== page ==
Hourly Generator Output & Capability
Report Format: XML
Notes: For Variable Generation only, the forecast values (total and individual resources) will be published instead of capability values. Each hourly forecast value is made up of individual 5-minute forecasts averaged over the hour. A list of installed wind facilities in Ontario and their capacity (http://www.ieso.ca/imoweb/marketdata/windpower.asp) is also available.
Starting September 11, 2013, when telemetry errors occur, instead of showing zero as the output, the MW output will show as "N/A".
As the registration of embedded variable generators continues, and the IESO works with these facilities to ensure their operational telemetry is being received, the Centralized Forecast for Embedded Facilities will be available through the IESO Reports Site. Customers will receive notice before the Generator Output and Capability Report is updated to include the embedded forecast and output figures.
The Hourly Generator Energy Output & Capability Report presents the Energy output and Capability of each generating facility in the IESO-administered energy market with a maximum output capability of 20 MW or greater.
Generator Energy OutputAll energy values are shown net of station service. That is, the numbers published display the net energy contribution to the system to meet the demand for electricity in the market. If a unit is out of service and must draw energy from the system to support the maintenance work, then this electrical load will not be reported in this report.
Posted energy numbers are the product of operational metering, which by its nature, is less accurate and less reliable than revenue metering used for billing purposes. Because of the priority for early posting of energy outputs, the values have only been validated to a rudimentary degree prior to posting. For this reason, data upsets and other telemetering problems or technical issues can result in incorrect values of ±10MW. On occasions where data is missing, subsequent versions of the report will attempt to complete the missing hours.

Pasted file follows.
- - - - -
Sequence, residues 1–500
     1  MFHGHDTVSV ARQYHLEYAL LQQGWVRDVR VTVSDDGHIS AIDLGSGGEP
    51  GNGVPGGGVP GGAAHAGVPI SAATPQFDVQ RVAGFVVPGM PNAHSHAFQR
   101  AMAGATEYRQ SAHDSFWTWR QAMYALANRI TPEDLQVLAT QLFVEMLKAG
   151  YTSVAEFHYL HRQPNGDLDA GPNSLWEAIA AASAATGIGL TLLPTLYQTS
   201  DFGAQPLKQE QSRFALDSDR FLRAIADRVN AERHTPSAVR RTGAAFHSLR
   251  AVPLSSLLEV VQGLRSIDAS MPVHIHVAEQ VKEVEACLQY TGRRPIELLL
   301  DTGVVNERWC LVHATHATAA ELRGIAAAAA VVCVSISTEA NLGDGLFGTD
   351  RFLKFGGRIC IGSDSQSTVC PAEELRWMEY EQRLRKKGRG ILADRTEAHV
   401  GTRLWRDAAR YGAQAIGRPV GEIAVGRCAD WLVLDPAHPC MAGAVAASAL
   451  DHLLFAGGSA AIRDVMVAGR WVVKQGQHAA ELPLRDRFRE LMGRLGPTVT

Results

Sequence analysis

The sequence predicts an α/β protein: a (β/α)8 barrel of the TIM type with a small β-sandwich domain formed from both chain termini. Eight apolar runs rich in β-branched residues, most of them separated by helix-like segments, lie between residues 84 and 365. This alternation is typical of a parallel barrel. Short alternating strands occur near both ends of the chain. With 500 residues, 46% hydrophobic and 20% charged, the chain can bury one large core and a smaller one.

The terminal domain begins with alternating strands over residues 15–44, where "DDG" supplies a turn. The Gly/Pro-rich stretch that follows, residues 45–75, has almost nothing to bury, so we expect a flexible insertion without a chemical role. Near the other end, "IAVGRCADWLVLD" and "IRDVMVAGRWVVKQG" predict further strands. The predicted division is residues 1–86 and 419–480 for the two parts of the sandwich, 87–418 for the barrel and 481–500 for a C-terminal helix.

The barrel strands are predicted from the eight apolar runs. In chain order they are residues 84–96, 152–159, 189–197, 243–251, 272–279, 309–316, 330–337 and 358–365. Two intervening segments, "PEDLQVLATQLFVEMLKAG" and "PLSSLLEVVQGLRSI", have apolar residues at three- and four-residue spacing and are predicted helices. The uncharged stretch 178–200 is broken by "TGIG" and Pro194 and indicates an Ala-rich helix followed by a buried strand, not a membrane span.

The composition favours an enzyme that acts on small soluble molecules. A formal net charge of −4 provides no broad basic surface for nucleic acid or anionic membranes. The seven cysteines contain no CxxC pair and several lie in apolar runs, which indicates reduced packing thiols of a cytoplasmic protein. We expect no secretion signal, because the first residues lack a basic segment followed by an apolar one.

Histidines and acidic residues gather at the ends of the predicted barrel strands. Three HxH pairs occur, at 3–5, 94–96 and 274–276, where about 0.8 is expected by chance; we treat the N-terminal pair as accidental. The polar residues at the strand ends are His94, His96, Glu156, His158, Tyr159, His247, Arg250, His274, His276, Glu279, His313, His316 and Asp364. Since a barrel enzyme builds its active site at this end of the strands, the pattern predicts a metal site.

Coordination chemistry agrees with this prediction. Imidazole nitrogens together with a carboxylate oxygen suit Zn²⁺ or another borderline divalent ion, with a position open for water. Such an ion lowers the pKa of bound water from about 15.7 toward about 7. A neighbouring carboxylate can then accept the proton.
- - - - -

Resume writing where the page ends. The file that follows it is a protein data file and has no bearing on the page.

Generator CapabilityUnder the Market Rules, Chapter 4, section 7.3.4, the IESO is obligated to publish capability data for each generating unit or station.
"Capability" is defined as the unit's net maximum continuous rating (MCR) less the maximum derating within the hour. The unit's capability is a measure of the maximum amount of power that was capable of being produced by that unit during a given time.
Generating units that are out of service for maintenance will appear in this report as having zero capability in the respective hours. In addition, generating unit capabilities can frequently be reduced due to any of a number of specific equipment problems that may limit the output capability of the generator, but do not require the generator to shut down for repairs. Both of these are possible and expected conditions. In fact, different generating technologies have different outage requirements. Nuclear facilities generally have fewer outages, but their average duration can be longer than those needed for other generating technologies. Additionally, as units age and approach retirement, the frequency of forced outages and unit deratings may increase. Moreover, the time of the year can have an impact on outage schedules. Generally, more outages are scheduled during the spring and fall "shoulder seasons" in order to maximize availability of generating resources during the summer and winter months.
For those that would like to learn more about typical generator performance characteristics, please refer to the North American Electric Reliability Council's Generator Availability Data System (GADS). This service collects, records and retrieves operating information on the performance of electric generating equipment. GADS data are compiled annually and reported in the Generating Availability Report (GAR) and its accompanying summary statistical brochure.
Finally, while the generator capability indicates the maximum potential output from the generator in any hour, generating units often produce less energy than they are capable of at any given time. This is due to the IESO's dispatch, which must be constantly changing the amount of total generation on the system to meet the ever-changing demand for electricity. Also, the IESO's dispatch must also accommodate the requirement to carry a certain amount of operating reserve. Hence, the total capability of a generator in any particular hour will often exceed the total energy production of the unit for that hour.
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